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Emotion Recognition Tech Should Be Banned, Says an AI Research Institute

A leading research centre has called for new laws to restrict the use of emotion-detecting tech. The AI Now Institute says the field is “built on markedly shaky foundations.” Despite this, systems are on sale to help vet job seekers, test criminal suspects for signs of deception, and set insurance prices. It wants such software to be banned from use in important decisions that affect people’s lives and/or determine their access to opportunities. The US-based body has found support in the UK from the founder of a company developing its own emotional-response technologies — but it cautioned that any restrictions would need to be nuanced enough not to hamper all work being done in the area.

AI Now refers to the technology by its formal name, affect recognition, in its annual report. It says the sector is undergoing a period of significant growth and could already be worth as much as $20 billion. “It claims to read, if you will, our inner-emotional states by interpreting the micro-expressions on our face, the tone of our voice or even the way that we walk,” explained co-founder Prof Kate Crawford. “It’s being used everywhere, from how do you hire the perfect employee through to assessing patient pain, through to tracking which students seem to be paying attention in class. “At the same time as these technologies are being rolled out, large numbers of studies are showing that there is… no substantial evidence that people have this consistent relationship between the emotion that you are feeling and the way that your face looks.”

Study links decline in teenagers’ happiness to smartphones

A precipitous drop in the happiness, self-esteem and life satisfaction of American teenagers came as their ownership of smartphones rocketed from zero to 73 percent and they devoted an increasing share of their time online. Coincidence? New research suggests it is not. In a study published Monday in the journal Emotion, psychologists from San Diego State University and the University of Georgia used data on mood and media culled from roughly 1.1 million U.S. teens to figure out why a decades-long rise in happiness and satisfaction among U.S. teenagers suddenly shifted course in 2012 and declined sharply over the next four years.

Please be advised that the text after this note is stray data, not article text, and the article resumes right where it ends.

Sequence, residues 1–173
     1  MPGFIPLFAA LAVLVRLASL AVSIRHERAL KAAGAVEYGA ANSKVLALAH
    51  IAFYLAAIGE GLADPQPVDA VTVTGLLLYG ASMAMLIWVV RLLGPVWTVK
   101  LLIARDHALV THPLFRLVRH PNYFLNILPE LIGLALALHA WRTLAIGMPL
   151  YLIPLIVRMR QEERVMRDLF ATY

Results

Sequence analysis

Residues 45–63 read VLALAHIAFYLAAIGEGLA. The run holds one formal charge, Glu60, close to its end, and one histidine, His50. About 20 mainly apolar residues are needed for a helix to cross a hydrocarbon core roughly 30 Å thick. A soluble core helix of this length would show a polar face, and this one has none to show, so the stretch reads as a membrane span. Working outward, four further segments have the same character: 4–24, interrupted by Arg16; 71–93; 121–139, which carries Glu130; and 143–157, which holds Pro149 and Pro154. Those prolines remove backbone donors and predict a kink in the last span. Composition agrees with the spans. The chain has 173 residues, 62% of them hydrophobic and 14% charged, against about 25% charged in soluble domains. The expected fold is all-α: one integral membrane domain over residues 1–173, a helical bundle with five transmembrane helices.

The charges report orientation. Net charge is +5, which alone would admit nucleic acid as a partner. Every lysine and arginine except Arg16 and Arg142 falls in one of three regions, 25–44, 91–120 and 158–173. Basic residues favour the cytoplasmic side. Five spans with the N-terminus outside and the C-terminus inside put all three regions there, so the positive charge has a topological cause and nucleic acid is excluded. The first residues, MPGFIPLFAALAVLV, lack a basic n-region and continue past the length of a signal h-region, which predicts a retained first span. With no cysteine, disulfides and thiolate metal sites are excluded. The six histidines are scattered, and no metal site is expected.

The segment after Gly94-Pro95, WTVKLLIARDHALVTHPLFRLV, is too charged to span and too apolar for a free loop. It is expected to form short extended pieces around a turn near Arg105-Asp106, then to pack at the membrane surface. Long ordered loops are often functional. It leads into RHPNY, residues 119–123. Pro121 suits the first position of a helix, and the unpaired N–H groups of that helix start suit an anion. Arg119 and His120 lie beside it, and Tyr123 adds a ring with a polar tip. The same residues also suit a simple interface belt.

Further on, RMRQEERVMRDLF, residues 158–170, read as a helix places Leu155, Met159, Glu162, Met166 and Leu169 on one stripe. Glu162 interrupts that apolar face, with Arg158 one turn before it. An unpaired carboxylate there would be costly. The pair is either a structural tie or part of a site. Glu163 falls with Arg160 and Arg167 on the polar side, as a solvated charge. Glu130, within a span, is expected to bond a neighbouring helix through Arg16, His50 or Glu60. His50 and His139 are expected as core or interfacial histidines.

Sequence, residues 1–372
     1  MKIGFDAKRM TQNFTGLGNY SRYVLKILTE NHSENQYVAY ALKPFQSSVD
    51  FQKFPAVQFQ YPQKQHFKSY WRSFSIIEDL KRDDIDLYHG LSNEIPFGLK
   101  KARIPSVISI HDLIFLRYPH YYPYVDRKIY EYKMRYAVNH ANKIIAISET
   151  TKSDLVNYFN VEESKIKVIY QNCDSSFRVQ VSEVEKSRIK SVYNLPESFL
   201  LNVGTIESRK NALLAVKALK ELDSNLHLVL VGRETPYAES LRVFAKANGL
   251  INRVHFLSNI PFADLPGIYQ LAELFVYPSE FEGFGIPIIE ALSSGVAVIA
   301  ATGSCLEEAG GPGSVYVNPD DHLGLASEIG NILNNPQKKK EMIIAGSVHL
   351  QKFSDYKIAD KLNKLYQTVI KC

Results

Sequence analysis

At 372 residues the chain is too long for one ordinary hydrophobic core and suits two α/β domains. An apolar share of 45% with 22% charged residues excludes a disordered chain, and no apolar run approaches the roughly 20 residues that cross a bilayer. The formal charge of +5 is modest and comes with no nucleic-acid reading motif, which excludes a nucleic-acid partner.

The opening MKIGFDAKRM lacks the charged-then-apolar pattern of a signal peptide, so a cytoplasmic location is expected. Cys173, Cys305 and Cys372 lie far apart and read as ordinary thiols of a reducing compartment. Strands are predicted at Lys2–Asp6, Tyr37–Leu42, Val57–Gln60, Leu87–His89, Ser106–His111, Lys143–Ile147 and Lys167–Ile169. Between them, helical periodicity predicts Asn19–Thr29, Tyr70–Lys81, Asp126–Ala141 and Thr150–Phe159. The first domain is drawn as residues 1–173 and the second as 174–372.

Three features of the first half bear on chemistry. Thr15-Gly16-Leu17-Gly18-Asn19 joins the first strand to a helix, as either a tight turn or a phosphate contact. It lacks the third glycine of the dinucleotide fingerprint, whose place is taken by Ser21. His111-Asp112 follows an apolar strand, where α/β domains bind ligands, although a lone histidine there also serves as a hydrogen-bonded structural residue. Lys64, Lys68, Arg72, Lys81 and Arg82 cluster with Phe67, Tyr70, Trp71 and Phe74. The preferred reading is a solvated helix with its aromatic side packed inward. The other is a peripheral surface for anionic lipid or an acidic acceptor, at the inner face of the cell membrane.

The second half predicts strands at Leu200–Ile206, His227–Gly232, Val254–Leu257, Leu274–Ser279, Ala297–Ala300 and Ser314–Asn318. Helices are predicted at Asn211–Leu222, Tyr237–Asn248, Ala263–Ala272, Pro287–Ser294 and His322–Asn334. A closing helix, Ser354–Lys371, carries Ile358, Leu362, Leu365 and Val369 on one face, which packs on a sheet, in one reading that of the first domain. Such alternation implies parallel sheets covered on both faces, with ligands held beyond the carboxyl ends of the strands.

In the new study, researchers tried to find it by plumbing a trove of eighth-, 10th- and 12th-graders’ responses to queries on how they felt about life and how they used their time. They found that between 1991 and 2016, adolescents who spent more time on electronic communication and screens — social media, texting, electronic games, the internet — were less happy, less satisfied with their lives and had lower self-esteem. TV watching, which declined over the nearly two decades they examined, was similarly linked to lower psychological well-being.

By contrast, adolescents who spent more time on non-screen activities had higher psychological well-being. They tended to profess greater happiness, higher self-esteem and more satisfaction with their lives. While these patterns emerged in the group as a whole, they were particularly clear among eighth- and 10th-graders, the authors found: “Every non-screen activity was correlated with greater happiness, and every screen activity was correlated with less happiness.”